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ABA Legal Fact Check: What Religious Displays Are Constitutional in Public Places?


ABA Legal Fact Check debuted in August and is the first fact check website focusing exclusively on legal matters. This article has been republished with permission.

In late summer of 2017, a resident asked the village board of Mundelein, Ill., a northwest suburb of Chicago, to place a Hanukkah menorah in a public park next to the traditional Christmas tree. Village attorney Charles Marino provided this guidance: “My (legal) research has indicated that a Christmas tree or a holiday tree is secular,” he told the Chicago Tribune. “It is not a religious symbol. It is neutral. However, a menorah is a religious symbol and a creche is a religious symbol. …And so, a safe harbor is where the village is right now.” The Mundelein Village Board turned down the request. Was the attorney’s advice correct?

More than 30 years ago, the U.S. Supreme Court first wrestled with the constitutional boundaries for religious speech and displays on public property. The issue raises questions about the intersection between First Amendment protections of free speech, the free exercise of religion and the prohibition against a government “establishment” of religion. Although the Supreme Court has set strong guideposts through a series of court decisions, the issue continues to percolate.

December heralds religious holidays, including Christmas and Hanukkah, and each year communities like Mundelein struggle with issues stemming from the constitutional tension between holiday expression and religious endorsement. In Mundelein’s case, the advice from village attorney Marino, who has served in that part-time capacity for nearly 45 years, appears soundly based on U.S. Supreme Court precedents and the court’s distinction between secular symbols, such as the Christmas tree, and religious symbols, such as the Christian creche or the Jewish menorah.

In 1971, the Supreme Court decided Lemon v. Kurtzman, a ruling that continues to serve as a guide for lower courts on some religious issues. In Lemon, the court decided that a Rhode Island law that paid some of the salary of parochial school teachers was unconstitutional. The majority opinion by Chief Justice Warren Burger articulated what is known as the Lemon Test, setting out when government violates the Establishment Clause of the First Amendment. In short, government action is not permissible unless it has a significant secular or nonreligious purpose, does not have the primary effect of advancing or inhibiting religion and does not foster excessive entanglement between government and religion.

Thirteen years later, the Supreme Court began to apply the Lemon Test to religious displays on public property, primarily through two cases. In the first, Lynch v. Donnelly, a 5-4 majority opinion allowed a creche or a Nativity scene in Pawtucket, R.I., in a public display that included other objects, such as a Santa Claus house, a Christmas tree and a banner that read “SEASONS GREETINGS.” Lower courts, including a federal circuit court of appeals, had enjoined the city from including the creche in the display.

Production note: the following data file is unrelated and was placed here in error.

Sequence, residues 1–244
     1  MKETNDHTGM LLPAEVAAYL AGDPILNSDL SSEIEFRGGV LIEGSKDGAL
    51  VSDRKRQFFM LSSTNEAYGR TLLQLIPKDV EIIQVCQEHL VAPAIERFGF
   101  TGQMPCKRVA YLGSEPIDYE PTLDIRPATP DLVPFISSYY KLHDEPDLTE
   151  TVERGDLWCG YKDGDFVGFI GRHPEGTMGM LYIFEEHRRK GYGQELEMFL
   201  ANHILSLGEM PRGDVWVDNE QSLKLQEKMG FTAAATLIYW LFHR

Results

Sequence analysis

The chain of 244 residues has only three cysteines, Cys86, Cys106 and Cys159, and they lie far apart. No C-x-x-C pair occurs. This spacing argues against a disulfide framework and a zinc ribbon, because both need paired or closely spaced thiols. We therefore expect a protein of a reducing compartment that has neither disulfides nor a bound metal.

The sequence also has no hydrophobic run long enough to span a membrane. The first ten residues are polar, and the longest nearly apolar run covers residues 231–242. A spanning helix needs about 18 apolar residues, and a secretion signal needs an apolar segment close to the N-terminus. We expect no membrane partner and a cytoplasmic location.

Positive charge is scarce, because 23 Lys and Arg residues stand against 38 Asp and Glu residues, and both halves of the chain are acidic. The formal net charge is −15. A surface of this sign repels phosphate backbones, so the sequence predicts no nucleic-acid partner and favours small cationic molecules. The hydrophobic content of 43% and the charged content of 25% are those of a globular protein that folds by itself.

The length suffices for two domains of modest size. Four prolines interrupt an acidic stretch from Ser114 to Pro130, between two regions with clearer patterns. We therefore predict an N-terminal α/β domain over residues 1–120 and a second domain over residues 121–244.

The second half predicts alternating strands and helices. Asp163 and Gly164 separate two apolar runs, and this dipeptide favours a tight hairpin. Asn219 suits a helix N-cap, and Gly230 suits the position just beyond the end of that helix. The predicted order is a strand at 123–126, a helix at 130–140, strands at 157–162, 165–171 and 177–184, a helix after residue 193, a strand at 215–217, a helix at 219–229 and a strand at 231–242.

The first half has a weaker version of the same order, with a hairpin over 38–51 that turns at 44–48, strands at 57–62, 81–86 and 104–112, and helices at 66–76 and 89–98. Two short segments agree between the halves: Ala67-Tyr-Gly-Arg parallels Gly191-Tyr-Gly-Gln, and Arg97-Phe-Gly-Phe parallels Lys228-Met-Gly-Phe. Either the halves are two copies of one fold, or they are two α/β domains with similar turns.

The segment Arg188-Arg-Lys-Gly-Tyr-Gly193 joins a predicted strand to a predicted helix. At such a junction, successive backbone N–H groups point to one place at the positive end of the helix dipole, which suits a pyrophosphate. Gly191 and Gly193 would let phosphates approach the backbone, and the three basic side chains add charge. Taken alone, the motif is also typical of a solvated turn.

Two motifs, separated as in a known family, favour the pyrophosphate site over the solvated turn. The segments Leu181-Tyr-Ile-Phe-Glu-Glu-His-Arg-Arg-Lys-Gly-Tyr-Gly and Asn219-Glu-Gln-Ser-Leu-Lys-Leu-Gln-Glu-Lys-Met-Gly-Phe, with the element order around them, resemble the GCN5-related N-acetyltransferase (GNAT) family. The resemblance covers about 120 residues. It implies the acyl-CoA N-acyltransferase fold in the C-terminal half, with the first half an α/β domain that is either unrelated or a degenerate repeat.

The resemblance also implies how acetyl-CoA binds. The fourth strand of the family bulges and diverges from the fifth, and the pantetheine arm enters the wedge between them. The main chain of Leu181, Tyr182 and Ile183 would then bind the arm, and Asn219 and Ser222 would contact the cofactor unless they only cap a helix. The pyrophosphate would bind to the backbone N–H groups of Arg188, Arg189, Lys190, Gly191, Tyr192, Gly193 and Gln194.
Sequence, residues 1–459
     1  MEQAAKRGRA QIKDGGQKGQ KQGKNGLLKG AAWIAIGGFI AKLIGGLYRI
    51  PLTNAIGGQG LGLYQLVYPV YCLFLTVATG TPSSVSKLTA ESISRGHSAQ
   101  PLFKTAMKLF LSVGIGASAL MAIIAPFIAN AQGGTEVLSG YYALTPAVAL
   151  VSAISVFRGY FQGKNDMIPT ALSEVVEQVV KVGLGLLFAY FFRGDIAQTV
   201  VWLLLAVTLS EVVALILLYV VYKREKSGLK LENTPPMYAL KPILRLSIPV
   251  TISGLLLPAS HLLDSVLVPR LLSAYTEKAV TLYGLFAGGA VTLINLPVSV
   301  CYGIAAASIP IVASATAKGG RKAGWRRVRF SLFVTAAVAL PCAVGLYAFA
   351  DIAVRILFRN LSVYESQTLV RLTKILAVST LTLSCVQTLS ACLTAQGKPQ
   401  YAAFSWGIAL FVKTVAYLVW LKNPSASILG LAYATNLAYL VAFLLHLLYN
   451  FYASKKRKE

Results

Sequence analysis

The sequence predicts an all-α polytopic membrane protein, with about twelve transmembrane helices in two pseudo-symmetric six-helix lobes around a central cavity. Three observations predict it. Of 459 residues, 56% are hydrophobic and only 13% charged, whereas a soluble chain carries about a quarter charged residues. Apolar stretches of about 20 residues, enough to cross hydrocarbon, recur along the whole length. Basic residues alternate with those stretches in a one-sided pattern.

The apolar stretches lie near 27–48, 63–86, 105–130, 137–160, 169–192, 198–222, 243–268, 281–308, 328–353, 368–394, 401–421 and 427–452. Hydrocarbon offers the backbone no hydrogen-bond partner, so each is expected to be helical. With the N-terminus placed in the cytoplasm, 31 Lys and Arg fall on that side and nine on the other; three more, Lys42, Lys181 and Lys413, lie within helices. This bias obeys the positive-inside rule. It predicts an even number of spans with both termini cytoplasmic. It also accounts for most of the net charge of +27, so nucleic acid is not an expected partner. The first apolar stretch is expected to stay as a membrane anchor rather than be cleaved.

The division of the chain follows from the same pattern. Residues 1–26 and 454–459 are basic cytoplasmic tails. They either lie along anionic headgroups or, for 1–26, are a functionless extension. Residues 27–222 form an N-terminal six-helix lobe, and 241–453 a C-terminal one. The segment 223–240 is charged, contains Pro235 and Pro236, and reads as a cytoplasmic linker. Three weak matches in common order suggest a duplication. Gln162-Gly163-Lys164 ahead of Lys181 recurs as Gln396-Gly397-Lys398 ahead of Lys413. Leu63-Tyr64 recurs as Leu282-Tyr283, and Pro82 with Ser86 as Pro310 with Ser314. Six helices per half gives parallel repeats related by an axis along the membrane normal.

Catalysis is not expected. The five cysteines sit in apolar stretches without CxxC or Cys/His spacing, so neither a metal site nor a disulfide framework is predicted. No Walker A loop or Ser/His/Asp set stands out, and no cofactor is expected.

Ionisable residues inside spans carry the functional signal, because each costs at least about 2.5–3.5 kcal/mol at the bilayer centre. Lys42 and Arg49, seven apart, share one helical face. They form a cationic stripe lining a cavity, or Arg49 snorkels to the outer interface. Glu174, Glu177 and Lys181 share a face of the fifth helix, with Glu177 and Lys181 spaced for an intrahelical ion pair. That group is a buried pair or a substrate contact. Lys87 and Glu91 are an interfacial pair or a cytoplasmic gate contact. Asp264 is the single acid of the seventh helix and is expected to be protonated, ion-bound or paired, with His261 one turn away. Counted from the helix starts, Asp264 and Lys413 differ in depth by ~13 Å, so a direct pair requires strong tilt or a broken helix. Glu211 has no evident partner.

Five years later in County of Allegheny v. ACLU, the court again addressed the creche issue. The critical 5-4 majority opinion, written by Justice Harry Blackmun (who was in the majority in Lynch), found that an unaccompanied Nativity scene placed on the Grand Staircase inside the Allegheny County Courthouse in Pittsburgh, which is one of the most public parts of the courthouse, violated the Constitution. The creche was donated by the Holy Name Society, a Roman Catholic group, and bore a sign to that effect, and its manger had at its crest an angel bearing a banner proclaiming “Gloria in Excelsis Deo,” meaning “Glory to God in the Highest.” The court split 6-3 in permitting an 18-feet-high menorah to be set up a block away outside next to a Christmas tree on public property.

At the time, The New York Times reported that Blackmun adopted the position of Justice Sandra Day O’Connor in the 1984 Lynch case, when she wrote in a separate opinion that the result in each case should turn on the “unique circumstances” and “particular physical setting”’ involved. “I would find that (the city of) Pawtucket did not intend to convey any message of endorsement of Christianity or disapproval of non-Christian religions,” she wrote. “The evident purpose of including the creche in the larger display was not promotion of the religious content of the creche, but celebration of the public holiday through its traditional symbols. Celebration of public holidays, which have cultural significance even if they also have religious aspects, is a legitimate secular purpose.”

The 1980s Supreme Court decisions have spawned what some call the “reindeer rule” — an assumption that a religious Nativity scene can survive a court challenge if it is part of larger holiday display that contains secular symbols or symbols from other religious traditions. As Marino advised the Mundelein Village Board, “if you do allow one, you’re going to have to allow others as well.”

Read more of ABA’s Legal Fact Check series here.

[Image via Elnur and Shutterstock]

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